Billing yourselves as “action rock”, naming yourselves after the army of Grateful Dead fans and giving your third record a name in homage to Spinal Tap, means that “This One Goes Up To 11” is only ever going to sound one way.
Opener “Blackout” is the pure unadulterated sound of pure unadulterated rock n roll, and that – wherever the record goes, and there real twists and turns here – is a feeling that never really leaves it throughout.
“Don’t Mind The Ghost” is typical of what is here. Having the garage rock feel of an early Hellacopters record and the fun and ebullience of so many other bands from Sweden, it hurtles by.
The thing is, though that such music will only take you so far, what Nicke Andersson realised, and what Deadheads also have in their locker is a superb gift for melody, meaning that work like “Somebody Along The Way” reveals other strings to the bow.
“Manic Monday’s” (not a Bangles cover which is almost a shame) is the pinnacle of this section of the record. It’s superb piano and saxophone is almost like Michael Monroe on supercharge. The sound of hair being let down, or the best party in town. Your choice. Either way, you won’t resist it.
We say “this section” of the record, because what happens next signals something of a change. “Too Lost To Be Found” is more mid paced, coming at ya from the late 1960s almost, and whilst “The Plan” is back to the more usual stuff, there is more of the fuzzy punk of The Stooges, say, than many here.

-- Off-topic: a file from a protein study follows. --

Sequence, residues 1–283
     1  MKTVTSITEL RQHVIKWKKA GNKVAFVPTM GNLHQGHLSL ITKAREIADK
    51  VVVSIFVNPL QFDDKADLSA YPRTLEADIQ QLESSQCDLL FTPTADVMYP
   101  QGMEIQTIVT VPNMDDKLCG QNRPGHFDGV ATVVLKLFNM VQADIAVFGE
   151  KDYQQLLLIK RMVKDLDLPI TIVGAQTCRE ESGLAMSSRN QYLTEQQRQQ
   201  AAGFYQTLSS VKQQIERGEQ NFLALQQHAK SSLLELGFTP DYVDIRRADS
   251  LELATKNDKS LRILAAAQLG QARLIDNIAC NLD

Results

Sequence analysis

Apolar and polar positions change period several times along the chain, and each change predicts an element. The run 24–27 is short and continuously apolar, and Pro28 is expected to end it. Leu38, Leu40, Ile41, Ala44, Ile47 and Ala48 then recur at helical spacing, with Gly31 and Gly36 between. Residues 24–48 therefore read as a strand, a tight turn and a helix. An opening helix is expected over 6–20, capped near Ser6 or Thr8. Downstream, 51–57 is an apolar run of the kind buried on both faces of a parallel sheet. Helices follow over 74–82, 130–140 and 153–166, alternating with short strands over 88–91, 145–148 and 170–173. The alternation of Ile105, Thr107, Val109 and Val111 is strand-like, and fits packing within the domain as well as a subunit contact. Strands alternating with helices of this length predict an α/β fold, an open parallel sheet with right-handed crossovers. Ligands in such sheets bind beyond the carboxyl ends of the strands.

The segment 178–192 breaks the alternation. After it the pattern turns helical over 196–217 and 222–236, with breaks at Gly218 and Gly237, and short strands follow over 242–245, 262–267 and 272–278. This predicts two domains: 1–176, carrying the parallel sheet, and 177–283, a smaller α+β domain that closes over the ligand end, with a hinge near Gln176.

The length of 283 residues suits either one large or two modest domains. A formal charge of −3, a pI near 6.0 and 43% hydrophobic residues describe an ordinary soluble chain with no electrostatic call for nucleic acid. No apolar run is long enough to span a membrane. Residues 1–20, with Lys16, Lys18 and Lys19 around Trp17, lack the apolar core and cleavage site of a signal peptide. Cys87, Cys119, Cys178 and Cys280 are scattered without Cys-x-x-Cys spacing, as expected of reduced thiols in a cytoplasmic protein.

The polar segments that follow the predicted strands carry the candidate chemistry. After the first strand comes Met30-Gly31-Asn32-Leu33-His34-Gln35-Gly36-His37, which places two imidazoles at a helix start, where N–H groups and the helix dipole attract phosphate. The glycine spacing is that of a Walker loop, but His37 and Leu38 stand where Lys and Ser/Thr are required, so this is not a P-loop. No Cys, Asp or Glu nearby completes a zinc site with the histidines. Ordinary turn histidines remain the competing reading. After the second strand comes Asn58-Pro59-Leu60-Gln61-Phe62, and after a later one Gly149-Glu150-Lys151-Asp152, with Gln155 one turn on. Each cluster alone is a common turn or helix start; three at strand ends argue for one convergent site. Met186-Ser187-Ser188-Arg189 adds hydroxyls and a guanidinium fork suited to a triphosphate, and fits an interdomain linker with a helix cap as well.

“Instant Control” does something slightly more primal too, as returning bass player Olle Griphammar is to the fore, while “2 Steps Before The Fall” comes in with more than a dollop of US proto punks The Sonics glorious revelry.
Elsewhere, appropriately for a song called “Lucifer” there is a devil may care attitude abounding, and it ends in a real maelstrom of chaos, just because it can. The hook drenched “My Time” is, musically at least, the soundtrack to the game show they play in the fiery depths, and the record closes with its eleventh song (see what they did there?) “Status Low” – which as well as being the only one here over four minutes long is also a quick reprise of what has gone before and really does sound like the most fun anyone can have while going about its business.
Deadheads themselves have said that what with the line up changes and other issues, album number three was a difficult one to write. It is to their absolute credit, then, that it sounds like such effortless fun. “This One Goes Up To 11” is the loud snotty, superb, unashamed, unapologetic sound of a good time.
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